Cigarette smoking promotes atherosclerosclerotic cardiovascular disease (ASCVD), and cessation confers significant health benefits to patients with heart disease. Total abstinence is the goal of current tobacco dependence treatment models, however, it is not accessible to many patients. There is a strong dose-response relationship between the amount smoked and risk for ASCVD, suggesting that for those patients who cannot stop, reducing smoking may be of benefit. Nicotine replacement therapy (NRT) is safe in patients with cardiovascular disease, and limited data suggest that long term NRT is effective at reducing tobacco use and carbon monoxide (CO) exposure. We propose a randomized controlled clinical trial in 180 patients with ASCVD to test the hypothesis that a combined behavioral and pharmacological intervention designed to reduce smoking by at least 50% will 1) reduce cigarette consumption, 2) improve smoking cessation rates, 3) reduce signs and symptoms of ASCVD, 4) improve risk factors for ASCVD, and 5) prove to be cost-effective in terms of cost per quality adjusted life year gained. We will randomly assign subjects from two ambulatory care sites to the smoking reduction treatment (SR) group (including a standardized approach to transdermal nicotine, or nicotine gum if not successful reducing using patch) or the control group. Subjects will be followed for a two year period, and will be encouraged to quit at any time if they are ready. We will collect data regarding smoking behavior, exercise tolerance, angina, quality of life, and adverse events; and measure nicotine, cotinine, CO, lipids, and fibrinogen. We will contribute samples to the Biomarker Core project to assess the effect of smoking reduction on other toxin levels. We will conduct an economic analysis of the potential cost-effectiveness of this approach. This study will test whether a long term strategy to reduce cigarette consumption in a medically ill population is safe, effective , and improves health outcomes for smokers who cannot quit.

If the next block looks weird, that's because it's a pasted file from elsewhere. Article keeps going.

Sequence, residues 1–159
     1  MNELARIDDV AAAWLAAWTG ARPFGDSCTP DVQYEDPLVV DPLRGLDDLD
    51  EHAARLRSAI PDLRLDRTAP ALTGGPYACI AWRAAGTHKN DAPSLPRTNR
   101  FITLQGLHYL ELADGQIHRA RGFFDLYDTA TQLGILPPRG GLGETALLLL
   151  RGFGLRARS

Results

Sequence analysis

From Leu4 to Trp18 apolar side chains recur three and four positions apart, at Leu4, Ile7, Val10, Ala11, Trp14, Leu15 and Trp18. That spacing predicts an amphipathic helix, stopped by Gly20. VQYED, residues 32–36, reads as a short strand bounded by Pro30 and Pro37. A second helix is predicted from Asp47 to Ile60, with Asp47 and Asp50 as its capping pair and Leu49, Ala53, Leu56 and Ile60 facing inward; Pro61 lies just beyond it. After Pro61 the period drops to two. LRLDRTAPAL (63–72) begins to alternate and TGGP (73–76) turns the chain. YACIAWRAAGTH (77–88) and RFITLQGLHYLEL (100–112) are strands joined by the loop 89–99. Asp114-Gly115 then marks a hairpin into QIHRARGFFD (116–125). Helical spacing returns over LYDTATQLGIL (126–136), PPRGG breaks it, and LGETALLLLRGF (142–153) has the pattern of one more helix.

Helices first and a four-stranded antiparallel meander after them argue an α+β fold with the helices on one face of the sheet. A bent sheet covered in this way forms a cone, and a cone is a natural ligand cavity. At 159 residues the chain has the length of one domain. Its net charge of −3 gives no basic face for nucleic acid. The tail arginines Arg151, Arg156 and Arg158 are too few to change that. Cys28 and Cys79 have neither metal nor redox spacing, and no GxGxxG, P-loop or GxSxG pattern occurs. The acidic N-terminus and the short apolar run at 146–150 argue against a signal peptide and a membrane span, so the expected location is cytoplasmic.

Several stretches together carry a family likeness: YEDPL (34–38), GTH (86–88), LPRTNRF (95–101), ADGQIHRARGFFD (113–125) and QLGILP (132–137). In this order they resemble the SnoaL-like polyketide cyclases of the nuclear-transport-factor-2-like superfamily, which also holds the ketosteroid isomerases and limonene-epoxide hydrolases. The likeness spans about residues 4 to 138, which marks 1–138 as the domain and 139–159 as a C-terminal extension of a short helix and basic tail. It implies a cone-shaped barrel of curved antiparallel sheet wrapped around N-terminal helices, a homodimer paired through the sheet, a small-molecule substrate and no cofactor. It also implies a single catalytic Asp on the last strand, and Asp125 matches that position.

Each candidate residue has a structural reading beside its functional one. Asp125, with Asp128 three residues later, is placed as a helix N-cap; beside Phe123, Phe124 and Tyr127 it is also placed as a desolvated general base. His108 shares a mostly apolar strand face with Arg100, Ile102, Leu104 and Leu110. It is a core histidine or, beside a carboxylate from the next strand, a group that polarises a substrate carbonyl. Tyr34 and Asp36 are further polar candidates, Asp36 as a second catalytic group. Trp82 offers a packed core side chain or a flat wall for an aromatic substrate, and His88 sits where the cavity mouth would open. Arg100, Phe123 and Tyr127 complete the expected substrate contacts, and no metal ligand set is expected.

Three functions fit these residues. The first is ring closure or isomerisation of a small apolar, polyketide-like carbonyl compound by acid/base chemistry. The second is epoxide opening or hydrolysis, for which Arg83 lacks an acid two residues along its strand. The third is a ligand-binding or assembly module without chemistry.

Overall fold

National Institute of Health (NIH)
National Institute on Drug Abuse (NIDA)
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University of Minnesota Twin Cities
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